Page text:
Compared to a healthcare facility leaking their client’s medical information or a financial institution exposing banking details, if a construction company lost access to house plans, the repercussions may be easier to stifle.
For more information regarding data protection risks, you may read this article.
The solution: best practices for backing up data
You may have already heard of the 3-2-1 rule in data backup and recovery. This rule says to keep three (3) copies of your data on two (2) different mediums with one (1) off-site storage solution. Utilizing this rule keeps your data safe and minimizes the hazards of data loss.
That’s not all there is to it, though.
Ryan Deneau, ITS’ Chief Technology Officer, enumerates all the best practices for backing up data:
Have a good backup strategy
First and foremost, make sure that you are implementing a thorough backup strategy following these four easy steps:
- Determine what data needs to be backed up
- Determine how often the data needs to be backed up
- Talk with your MSP and decide on a suitable data backup and recovery solution
- Apply it to your business and keep monitoring
Use off-site storage
Going over the 3-2-1 rule, ideally, you must have a second location to send your backup data.
The first one is within the building premises to easily access it when the need arises. The second one, on the other hand, should be off-site. This may be another physical location or in the Cloud; it’s up to you and your MSP’s judgment.
Having off-site storage away from your local one helps protect your data in case your central server is compromised due to the reasons mentioned above.
Restrict unauthorized access
People shouldn’t be able to come in freely and out of your space, both physically and digitally. Not everyone in your team should have access to certain business data. Even more so, outsiders and hackers.
To prevent unauthorized access that can cause severe damage to your system, below are the best plans of defense:
- Use servers with strong security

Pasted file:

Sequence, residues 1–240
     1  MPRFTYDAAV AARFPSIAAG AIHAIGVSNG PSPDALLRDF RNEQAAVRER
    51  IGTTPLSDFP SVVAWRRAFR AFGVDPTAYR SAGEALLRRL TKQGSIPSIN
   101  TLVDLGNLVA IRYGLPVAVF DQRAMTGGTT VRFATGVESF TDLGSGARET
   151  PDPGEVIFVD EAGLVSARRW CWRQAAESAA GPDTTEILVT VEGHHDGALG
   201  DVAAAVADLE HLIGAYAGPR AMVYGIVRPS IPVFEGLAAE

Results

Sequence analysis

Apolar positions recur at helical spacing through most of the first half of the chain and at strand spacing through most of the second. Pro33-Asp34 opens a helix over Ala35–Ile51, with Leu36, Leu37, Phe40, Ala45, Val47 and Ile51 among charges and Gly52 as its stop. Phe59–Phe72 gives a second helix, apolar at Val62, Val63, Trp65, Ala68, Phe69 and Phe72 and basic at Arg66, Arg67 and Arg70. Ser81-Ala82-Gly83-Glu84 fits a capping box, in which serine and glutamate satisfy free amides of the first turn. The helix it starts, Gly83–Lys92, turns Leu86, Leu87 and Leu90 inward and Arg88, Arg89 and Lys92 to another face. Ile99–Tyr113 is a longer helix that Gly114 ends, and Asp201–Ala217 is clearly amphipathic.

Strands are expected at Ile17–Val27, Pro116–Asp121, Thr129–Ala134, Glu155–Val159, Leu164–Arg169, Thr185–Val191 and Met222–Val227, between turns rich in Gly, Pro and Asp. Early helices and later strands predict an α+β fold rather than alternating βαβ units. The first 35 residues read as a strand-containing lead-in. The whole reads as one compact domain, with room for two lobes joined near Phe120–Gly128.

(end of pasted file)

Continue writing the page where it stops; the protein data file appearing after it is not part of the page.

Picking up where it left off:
- Harden cybersecurity with adequate firewalls
- Use complex passwords
Test and monitor your backups regularly
One single important thing to know and practice once you have already set out a backup plan, according to Deneau, is to keep testing and monitoring.
“To make sure that the backups are usable in the events that you need to use them, make sure that it completes the jobs successfully,” said Deneau. “Or if there are errors during the process, you must know about it quickly so you can rerun the backup jobs immediately before any problem develops.”
To do this, you must test your backup on a regular basis. At a minimum, the recommended point between every backup is once a week. But the more often, the better.
You can manually perform backups or, to lessen the handiwork, set them up automatically at an interval of your choice.
Do You Have a Good Data Backup Strategy?
Practicing a good data backup and recovery strategy diminishes the risk of data loss and gives you peace of mind. If you haven’t yet, make sure to prioritize setting up a plan this 2022.
As one of the most reliable managed service providers in the US, serving the cities of Chicago, Detroit, Las Vegas, Pasadena, Phoenix, and San Francisco, ITS makes sure to keep businesses running by safekeeping essential data with technology. Assess your backup strategy by giving us a call today.
You may also read this article as a preview of what your data backup and recovery plan looks like with ITS.